Another interesting trick is the $CDPATH variable. Similar in nature to the $PATH variable, it allows an argument to the 'cd' command to be considered not only in the current working directory, but in an ordered list of directories!

It is not straightforward to see the utility of this feature, but bear with me. Each user has a particular area of interest on a given Linux system. A system administrator (root) would be interested in /etc and /var/log. A home desktop user (joe) would be interested in ~/Documents. Someone at work (juser) might spend most of his or her time in a /usr/local/projects directory.

So, by placing each user's commonly visited paths in that user's $CDPATH variable, one can change to a known subdirectory without first having to navigate there! For example:

(pwd = /home/juser)
cd /usr/local/projects/abc
vs.
cd abc
(pwd = /usr/local/projects/abc)

(pwd = /usr/local/projects/abc/src/db/old/migration/)
cd ../../../..
vs.
cd abc
(pwd = /usr/local/projects/abc)

Indeed, one can find many subtle uses for this feature. A reasonable list to start with on a Red Hat Linux system, for example, might be

.:~:~/docs:/mnt:/usr/src/redhat:/usr/src/redhat/RPMS:/usr/src:/usr/lib:/usr/local

*NOTE: An empty entry ('::' or a leading or trailing ':') in $CDPATH (or in $PATH) is interpreted as the current working directory!


Something you may have seen before in other systems (the much maligned SCO OSes, for example) is this handy option:

shopt -s cdspell

"This will correct minor spelling errors in a 'cd' command, so that instances of transposed characters, missing characters and extra characters are corrected without the need for retyping."

[jason@localhost jason]$ cd Documnts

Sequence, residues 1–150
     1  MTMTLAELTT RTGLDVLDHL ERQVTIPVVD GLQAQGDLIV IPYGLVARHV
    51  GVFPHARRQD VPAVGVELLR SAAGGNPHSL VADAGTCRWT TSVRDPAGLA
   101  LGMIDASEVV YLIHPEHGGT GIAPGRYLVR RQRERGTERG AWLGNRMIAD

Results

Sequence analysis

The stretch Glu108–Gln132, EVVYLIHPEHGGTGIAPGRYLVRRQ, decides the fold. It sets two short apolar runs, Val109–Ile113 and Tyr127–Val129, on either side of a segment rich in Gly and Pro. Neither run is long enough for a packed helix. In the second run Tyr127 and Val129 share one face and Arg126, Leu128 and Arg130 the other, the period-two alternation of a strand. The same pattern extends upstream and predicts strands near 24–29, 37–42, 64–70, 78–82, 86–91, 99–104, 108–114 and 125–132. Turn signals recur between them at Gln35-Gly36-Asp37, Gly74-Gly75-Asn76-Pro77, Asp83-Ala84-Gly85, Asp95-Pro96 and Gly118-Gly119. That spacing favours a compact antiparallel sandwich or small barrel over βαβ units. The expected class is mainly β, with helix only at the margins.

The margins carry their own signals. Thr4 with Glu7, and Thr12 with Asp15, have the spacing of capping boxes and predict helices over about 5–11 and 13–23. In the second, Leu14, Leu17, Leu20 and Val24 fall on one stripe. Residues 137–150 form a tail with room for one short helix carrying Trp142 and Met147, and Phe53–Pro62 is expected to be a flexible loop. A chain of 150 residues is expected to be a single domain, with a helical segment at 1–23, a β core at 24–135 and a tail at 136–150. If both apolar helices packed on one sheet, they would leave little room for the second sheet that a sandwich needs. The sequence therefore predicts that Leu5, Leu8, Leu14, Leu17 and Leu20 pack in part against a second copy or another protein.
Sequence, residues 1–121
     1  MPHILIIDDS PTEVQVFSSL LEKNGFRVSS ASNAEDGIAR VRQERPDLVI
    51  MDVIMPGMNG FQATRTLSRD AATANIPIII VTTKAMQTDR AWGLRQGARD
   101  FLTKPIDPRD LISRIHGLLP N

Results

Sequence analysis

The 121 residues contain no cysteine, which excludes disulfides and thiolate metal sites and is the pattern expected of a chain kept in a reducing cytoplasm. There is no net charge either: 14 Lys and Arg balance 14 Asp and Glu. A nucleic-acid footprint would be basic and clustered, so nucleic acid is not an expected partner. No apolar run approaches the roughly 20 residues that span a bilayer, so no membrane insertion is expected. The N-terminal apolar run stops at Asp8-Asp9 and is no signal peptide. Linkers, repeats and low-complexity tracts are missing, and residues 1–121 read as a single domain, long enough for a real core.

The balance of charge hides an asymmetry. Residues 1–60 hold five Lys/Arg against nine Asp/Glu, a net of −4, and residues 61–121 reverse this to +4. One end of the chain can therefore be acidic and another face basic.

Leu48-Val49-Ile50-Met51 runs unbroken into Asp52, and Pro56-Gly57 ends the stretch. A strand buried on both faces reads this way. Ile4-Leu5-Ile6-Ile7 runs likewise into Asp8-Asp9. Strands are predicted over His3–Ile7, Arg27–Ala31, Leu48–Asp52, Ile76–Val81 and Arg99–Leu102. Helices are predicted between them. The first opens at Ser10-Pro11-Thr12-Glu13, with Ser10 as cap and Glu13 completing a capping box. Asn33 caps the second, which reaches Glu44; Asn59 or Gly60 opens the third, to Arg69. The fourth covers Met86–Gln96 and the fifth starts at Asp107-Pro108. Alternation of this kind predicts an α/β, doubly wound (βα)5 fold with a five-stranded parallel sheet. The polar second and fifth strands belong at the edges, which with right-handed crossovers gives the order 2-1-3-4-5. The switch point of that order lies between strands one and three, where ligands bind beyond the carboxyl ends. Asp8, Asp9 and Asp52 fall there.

Documents
[jason@localhost Documents]$

[jason@localhost jason]$ cd documents
Documents
[jason@localhost Documents]$

Unfortunately, it's flexibility is rather limited...

[jason@localhost jason]$ cd document
bash: cd: document: No such file or directory
[jason@localhost jason]$


Finally, I want to show you how to write your own custom replacement for the 'cd' command.

Do you find yourself always typing the same thing upon changing into a directory? You probably at least list the files there every time, perhaps so much that your hands automatically type 'ls' after every 'cd'.

Well, by trying every way I could think of, it turns out there's only one way to properly accomplish the goal we're seeking. We have to create a shell function.

Shell functions are part of shell programming. Like in compiled programming languages, functions provide a sort of procedural modularizability. One can create a generic function to perform an often-used bit of logic or computation with different parameters. In this case, the parameter is the current working directory.

Here's a simple one:

function cs () {
	cd $1
	ls
}

Note that this is evaluated as if it were entered at the command line, so any aliases already loaded in that shell apply. This has implications about the order in which you define your functions and your aliases in your .bashrc file. So, the above example might actually be stored in memory like this:

[jason@localhost jason]$ type cs
cs is a function
cs ()
{
	cd $1;
	ls -F --color=auto
}

This simple function just changes to the directory specified ($1) and then lists the contents. You can elaborate on this function to any degree you wish. I've come to settle on the following, although I admit I don't use it as a full-time replacement for 'cd':

function cs () {
	clear
	# only change directory if a directory is specified
	[ -n "${1}" ] && cd $1
	# filesystem stats
	echo "`df -hT .`"
	echo ""
	echo -n "[`pwd`:"
	# count files
	echo -n " <`find . -maxdepth 1 -mindepth 1 -type f | wc -l | tr -d '[:space:]'` files>"
	# count sub-directories
	echo -n " <`find . -maxdepth 1 -mindepth 1 -type d | wc -l | tr -d '[:space:]'` dirs/>"
	# count links
	echo -n " <`find . -maxdepth 1 -mindepth 1 -type l | wc -l | tr -d '[:space:]'` links@>"
	# total disk space used by this directory and all subdirectories
	echo " <~`du -sh . 2> /dev/null | cut -f1`>]"
	ROWS=`stty size | cut -d' ' -f1`
	FILES=`find . -maxdepth 1 -mindepth 1 |
	wc -l | tr -d '[:space:]'`
	# if the terminal has enough lines, do a long listing
	if [ `expr "${ROWS}" - 6` -lt "${FILES}" ]; then
		ls -ACF
	else
		ls -hlAF --full-time
	fi
}

WARNING: Even on a fast box, the 'du' can sometimes take a while ('cs /usr'!).


I hope this has been an informative and useful guide to Bash's changing directory features. Hopefully next time I'll get together a presentation on programmable completion! :-)

Jason Bechtel <jason bechtel a@t care 2 d.o.t com>